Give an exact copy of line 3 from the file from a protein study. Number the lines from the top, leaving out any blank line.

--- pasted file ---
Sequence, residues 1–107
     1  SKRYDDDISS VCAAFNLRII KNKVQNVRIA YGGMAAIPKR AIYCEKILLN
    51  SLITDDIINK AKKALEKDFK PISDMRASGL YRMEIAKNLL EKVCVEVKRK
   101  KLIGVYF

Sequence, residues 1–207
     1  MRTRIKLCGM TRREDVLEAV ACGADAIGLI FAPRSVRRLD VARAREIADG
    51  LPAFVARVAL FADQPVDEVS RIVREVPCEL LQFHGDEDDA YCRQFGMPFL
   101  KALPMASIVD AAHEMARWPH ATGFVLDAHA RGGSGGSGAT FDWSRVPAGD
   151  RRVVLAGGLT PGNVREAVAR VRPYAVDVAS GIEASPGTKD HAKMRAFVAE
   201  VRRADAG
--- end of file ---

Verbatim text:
    51  SLITDDIINK AKKALEKDFK PISDMRASGL YRMEIAKNLL EKVCVEVKRK